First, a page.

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Little Love Stories: Summer Love


A very drunk man keeps talking to me about trains. Cape Town summer is hot, night sticky, my drink hot. This gay bar is sure to sink, given the number of bodies shoving inside. I nod at the train driver, planning an escape, and you show up. Your accent is cute, your beard is cuter, and you tell the guy on the train that we’re here together. Suddenly, we are here together. It’s not a lie; it’s a prophecy, and a good one at that. Ten years, three countries, five cities, four dogs, and two little kids later, we’re still here, together. — Michael McClelland

Jenny plays music from her MP3 player. Carols in July. Operatic voices fill the forest as robins flutter around her. Jenny stops moving and stares. Robins sing. No words are spoken. Complete satisfaction in nature. She turns to me and plants an awkward, determined kiss on my lips. Only now, in her teens, can she tolerate touch. I hold my autistic daughter close to my chest and feel her love. — armstrong


Recently, I stood over the stove to caramelize onions. Suddenly the smell reminded me of that summer we spent holed up in our small, dark apartment. Hide away from the heat during the day and caramelize onions at night. Thrilled by the scent, our feet pressed to the linoleum, we came to life as the sun went down, our stomachs growling for a taste. I had forgotten that caramelized onions were all we ate for weeks, because that was all we could afford. My memories of that time are sweet, sticky and happy. Almost buried by layers of time. — Megan Bolanos

Nervous, I decided to study abroad the summer after my first year of college. Four years recovered from my fight against anorexia. My body had healed but my mind was still at war. I loved Italy like a lover I didn’t expect to find. Rome courted me on cobblestone streets. Capri caressed me with her sea. Florence spoon-fed me ice cream. In a faraway country, my body finally started to feel like home. He had saved my life, but Italy taught me to savor it. — Stephanie Kennedy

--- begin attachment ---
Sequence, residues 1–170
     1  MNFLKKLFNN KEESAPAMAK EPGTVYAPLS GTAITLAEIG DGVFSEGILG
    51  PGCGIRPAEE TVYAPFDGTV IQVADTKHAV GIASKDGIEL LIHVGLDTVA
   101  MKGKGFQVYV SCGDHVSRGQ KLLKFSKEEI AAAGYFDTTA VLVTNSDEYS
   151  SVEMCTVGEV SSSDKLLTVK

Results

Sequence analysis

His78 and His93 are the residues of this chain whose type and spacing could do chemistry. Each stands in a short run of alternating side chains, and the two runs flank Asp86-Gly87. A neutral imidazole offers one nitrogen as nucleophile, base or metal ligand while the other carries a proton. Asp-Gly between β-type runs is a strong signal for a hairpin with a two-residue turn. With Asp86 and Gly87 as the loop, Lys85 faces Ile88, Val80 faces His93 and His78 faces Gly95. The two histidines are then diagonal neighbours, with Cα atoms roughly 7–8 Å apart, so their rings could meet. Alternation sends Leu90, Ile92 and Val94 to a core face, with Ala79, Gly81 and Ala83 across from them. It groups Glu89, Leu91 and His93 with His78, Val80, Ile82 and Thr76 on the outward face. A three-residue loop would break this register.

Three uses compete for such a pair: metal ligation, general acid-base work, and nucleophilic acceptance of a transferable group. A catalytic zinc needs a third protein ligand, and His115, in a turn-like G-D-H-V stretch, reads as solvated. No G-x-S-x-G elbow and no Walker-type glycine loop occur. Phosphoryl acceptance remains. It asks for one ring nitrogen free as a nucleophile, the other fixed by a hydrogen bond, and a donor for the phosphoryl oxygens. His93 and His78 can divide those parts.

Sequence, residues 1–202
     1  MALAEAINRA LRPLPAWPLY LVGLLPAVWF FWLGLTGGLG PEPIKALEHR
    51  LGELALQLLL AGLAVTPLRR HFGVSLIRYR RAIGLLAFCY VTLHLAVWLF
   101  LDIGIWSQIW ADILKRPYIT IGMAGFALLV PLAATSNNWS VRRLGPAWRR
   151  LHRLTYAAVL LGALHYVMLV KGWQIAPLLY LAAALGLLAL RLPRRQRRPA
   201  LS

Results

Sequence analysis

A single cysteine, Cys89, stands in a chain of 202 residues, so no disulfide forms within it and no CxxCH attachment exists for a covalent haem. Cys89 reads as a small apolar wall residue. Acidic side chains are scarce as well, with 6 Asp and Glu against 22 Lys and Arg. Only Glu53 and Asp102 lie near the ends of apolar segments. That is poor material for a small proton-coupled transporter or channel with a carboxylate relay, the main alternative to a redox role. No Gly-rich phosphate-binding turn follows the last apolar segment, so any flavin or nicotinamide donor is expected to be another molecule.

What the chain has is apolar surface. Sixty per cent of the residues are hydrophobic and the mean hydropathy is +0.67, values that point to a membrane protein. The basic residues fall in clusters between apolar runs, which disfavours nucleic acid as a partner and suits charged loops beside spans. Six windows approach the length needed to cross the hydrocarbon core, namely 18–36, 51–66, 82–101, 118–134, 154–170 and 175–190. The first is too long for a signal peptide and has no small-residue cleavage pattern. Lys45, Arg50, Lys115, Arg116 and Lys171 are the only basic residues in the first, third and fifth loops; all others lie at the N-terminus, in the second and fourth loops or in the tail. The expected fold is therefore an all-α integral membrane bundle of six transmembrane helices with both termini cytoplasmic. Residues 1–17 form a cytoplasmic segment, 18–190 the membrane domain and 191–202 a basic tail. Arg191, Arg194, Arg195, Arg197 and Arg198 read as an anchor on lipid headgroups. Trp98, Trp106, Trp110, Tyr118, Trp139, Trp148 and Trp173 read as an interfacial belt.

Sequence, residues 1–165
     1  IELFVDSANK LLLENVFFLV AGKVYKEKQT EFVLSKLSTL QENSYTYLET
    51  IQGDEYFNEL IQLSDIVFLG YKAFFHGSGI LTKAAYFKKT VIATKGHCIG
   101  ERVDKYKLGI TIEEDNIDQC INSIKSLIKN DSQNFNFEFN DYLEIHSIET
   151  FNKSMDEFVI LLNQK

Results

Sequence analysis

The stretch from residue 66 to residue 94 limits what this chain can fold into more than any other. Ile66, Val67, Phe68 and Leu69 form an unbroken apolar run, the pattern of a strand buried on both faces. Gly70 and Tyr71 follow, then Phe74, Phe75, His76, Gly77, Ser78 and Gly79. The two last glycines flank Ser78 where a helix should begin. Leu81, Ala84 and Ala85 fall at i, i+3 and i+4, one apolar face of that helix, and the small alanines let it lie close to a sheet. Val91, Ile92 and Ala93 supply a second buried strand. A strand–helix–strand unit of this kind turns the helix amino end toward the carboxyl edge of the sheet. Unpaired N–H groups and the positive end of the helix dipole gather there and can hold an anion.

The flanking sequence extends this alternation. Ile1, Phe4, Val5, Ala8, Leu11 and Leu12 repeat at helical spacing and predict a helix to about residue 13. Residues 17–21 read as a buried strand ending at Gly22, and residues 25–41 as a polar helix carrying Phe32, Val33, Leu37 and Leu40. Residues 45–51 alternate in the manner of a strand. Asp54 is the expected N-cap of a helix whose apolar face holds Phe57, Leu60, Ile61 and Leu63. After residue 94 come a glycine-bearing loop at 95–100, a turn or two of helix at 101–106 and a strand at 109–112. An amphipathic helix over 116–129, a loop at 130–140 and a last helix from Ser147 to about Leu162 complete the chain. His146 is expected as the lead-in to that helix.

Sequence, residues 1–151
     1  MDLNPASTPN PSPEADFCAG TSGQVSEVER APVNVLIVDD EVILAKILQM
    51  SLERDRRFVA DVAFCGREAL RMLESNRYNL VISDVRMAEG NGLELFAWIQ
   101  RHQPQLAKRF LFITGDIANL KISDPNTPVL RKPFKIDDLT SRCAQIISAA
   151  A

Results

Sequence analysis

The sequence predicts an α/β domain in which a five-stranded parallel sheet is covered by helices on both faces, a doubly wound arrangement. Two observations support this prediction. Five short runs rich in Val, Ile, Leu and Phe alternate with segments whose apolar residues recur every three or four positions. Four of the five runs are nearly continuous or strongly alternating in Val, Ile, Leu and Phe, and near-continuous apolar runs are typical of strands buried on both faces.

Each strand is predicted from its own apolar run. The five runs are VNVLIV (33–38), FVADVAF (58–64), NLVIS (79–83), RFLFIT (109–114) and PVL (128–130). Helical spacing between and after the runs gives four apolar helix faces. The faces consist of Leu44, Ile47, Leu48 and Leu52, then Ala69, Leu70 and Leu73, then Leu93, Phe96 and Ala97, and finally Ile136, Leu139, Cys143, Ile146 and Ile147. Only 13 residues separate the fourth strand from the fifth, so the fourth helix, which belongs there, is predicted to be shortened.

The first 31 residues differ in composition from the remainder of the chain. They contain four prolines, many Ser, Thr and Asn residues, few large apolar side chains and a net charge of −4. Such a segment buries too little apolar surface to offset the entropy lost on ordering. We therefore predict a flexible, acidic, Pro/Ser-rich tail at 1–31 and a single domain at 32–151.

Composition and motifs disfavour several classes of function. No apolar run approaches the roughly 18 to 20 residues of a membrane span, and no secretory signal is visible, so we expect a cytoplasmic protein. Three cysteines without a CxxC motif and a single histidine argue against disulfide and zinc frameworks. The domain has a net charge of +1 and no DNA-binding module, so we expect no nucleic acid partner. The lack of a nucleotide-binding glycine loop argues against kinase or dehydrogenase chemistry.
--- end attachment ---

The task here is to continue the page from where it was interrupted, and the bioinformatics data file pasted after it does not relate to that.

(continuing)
My ex left me with two small children and a rundown house. He couldn’t face my children’s searching eyes and endless questions, but he could call an electrician. Juan showed up the next day. Sharing a stairwell, we struggled to mount a ceiling fan in the fading light of a summer afternoon. It was then, John said, seeing my belly sticking out of my shirt, that he fell in love with me, our shadows dancing on the walls. Apparently the whole house had to be rewired. John made the right connections, and 18 years later, the light remains. — april silva

When I was growing up, my mom, Cherry, and I would sing Barbra Streisand duets in the car, each taking turns singing Barbra’s parts. During the summer, when the Indianapolis neighborhood kids were playing basketball, I joined my mom for aerobics in the living room. We spend countless afternoons watching our favorite soap opera, “Guiding Light.” In college, I told him I was gay. “Oh thank God!” she said. “I didn’t think this day would ever come. I’ve known since you were 4 years old. She loved having a gay son and she waited nearly two decades for me to love that about myself too. — Brett Krutzsch


Before the Johnson City, Tennessee, town pool was emptied at the end of the summer, dogs could swim for five dollars. Donning his green life jacket, Barney jumped as if he weren’t tired, deaf, toothless. We stayed until no one else was left. It is a small thing in life, a dog, but small is relative. I packed cookies for our last trip to the vet. I sat on the floor in the hall, feeding Barney cookies one by one, and for a moment it seemed possible that we might never run out. — Shuly Xochitl Cawood



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